Unlike the millions of fans who rejoiced after hearing that Luke’s Diner would be back delving out gallons of coffee for Rory and Lorelai, albeit through your Netflix subscription at a yet to be disclosed date later this year, Gavin Polone was not amongst those millions. Along with Amy Sherman-Palladino and her husband Daniel Palladino, Polone was one of the original executive producers of Gilmore Girls. The beloved sitcom aired on The WB, later CW, between 2000 and 2007 and Polone claims that Warner Bros. compensated him $32,500 per episode and gave him credit as an executive producer. According to Cinema Blend, shortly after it was announced that Gilmore Girls would be revised for four new 90-minute episodes exclusively on Netflix, Polone contacted Warner Bros. Television, requesting that he be compensated for what he believed was due to him under the terms of an agreement both parties signed during the show’s original run. However, rather than pay Polone, Warner Bros. argues that, because the new episodes are derivative productions, rather than continuing episodes, and that the revival is not actually a “television show” since it will be produced by and will be exclusively available on the popular streaming service, they do not owe Polone anything. Unsatisfied with this response, Polone filed a complaint against Warner Bros., requesting a jury trial and a minimum $195,000 in damages. The drama does not end there. Polone further contends Peter Roth, the chief executive of Warner Bros. Television, instigated this alleged breach of contract due to a personal grudge he holds against him.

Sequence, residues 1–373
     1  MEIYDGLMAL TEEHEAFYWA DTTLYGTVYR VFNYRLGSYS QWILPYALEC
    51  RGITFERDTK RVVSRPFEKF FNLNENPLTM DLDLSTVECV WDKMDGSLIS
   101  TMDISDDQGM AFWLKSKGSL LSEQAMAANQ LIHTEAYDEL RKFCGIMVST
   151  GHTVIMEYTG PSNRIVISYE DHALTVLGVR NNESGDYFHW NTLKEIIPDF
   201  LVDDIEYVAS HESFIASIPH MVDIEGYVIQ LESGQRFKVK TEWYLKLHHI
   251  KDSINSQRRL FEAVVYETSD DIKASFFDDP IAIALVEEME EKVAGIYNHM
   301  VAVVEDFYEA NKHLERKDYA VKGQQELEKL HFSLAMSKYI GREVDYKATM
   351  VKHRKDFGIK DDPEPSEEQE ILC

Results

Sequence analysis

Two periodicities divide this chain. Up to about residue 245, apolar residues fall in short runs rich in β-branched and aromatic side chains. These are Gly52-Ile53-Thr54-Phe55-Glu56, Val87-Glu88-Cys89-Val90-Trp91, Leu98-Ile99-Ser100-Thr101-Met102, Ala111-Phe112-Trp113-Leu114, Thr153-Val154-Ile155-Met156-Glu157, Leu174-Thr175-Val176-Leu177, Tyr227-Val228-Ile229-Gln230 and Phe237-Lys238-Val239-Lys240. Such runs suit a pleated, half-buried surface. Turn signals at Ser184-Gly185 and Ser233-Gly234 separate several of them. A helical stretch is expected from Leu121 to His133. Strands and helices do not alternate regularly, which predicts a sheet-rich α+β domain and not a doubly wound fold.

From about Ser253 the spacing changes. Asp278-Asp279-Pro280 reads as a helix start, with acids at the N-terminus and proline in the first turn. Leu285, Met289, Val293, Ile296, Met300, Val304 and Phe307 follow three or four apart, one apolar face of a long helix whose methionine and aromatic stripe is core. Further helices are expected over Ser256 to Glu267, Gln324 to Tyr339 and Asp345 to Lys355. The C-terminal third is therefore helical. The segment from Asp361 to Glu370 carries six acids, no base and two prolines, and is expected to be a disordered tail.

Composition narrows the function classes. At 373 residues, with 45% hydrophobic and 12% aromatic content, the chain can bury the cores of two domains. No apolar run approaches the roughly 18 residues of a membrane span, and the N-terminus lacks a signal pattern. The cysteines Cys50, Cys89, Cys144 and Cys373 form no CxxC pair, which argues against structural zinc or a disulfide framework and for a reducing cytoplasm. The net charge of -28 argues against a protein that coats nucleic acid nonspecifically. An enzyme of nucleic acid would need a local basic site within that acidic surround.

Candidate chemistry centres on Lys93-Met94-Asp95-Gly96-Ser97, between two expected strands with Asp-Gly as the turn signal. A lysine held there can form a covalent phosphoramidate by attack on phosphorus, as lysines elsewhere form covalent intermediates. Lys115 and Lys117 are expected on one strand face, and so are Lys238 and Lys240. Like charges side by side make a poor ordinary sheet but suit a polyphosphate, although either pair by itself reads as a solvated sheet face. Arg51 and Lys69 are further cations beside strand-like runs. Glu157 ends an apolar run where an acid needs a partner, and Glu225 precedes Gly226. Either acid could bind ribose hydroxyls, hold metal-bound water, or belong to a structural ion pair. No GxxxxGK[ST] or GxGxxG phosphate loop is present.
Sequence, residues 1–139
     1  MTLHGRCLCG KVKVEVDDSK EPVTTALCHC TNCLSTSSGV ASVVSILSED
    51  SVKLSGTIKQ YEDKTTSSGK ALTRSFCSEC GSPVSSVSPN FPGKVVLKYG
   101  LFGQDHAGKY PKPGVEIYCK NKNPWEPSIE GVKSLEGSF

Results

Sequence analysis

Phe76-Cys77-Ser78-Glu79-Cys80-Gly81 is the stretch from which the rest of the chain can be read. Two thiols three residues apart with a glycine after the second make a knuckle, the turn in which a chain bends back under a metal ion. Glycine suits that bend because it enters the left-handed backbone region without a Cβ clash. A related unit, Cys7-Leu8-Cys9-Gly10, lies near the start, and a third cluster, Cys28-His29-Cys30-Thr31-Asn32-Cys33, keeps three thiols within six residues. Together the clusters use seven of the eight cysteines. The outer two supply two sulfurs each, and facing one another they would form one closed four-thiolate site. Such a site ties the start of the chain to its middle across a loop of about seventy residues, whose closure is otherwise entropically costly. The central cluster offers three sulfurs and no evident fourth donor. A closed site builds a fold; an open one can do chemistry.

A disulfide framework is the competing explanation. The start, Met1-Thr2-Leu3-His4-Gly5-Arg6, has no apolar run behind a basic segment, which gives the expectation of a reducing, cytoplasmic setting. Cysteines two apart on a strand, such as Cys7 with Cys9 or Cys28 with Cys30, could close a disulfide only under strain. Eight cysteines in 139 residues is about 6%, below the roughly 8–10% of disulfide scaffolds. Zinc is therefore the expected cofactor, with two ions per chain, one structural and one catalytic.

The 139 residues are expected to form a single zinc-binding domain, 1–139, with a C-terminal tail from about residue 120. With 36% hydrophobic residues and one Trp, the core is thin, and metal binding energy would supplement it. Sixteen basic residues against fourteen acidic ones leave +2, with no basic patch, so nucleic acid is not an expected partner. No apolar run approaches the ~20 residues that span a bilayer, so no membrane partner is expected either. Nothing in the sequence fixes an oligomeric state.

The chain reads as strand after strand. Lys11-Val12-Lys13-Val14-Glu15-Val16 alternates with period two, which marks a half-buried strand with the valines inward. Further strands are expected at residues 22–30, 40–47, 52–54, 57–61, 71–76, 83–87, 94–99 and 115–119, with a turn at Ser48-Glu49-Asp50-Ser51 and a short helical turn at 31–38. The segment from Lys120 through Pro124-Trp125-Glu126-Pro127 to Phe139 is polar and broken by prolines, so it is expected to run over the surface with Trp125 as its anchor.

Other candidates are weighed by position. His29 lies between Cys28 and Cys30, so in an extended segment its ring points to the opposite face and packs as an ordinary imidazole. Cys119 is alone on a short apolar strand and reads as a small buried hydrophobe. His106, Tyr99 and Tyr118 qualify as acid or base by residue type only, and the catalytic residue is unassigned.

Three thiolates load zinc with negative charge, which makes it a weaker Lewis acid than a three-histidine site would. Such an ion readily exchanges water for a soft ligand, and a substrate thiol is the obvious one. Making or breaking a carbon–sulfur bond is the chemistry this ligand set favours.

And leave it to Lorelei Gilmore to perfectly capture the essence of Polone’s complaint: “I can be flexible. As long as everything is exactly the way I want it, I’m totally flexible.”
Loren Shokes is an Entertainment and Sports Highlight Contributor for the Harvard Journal of Sports and Entertainment Law and a current second year student at Harvard Law School (Class of 2017).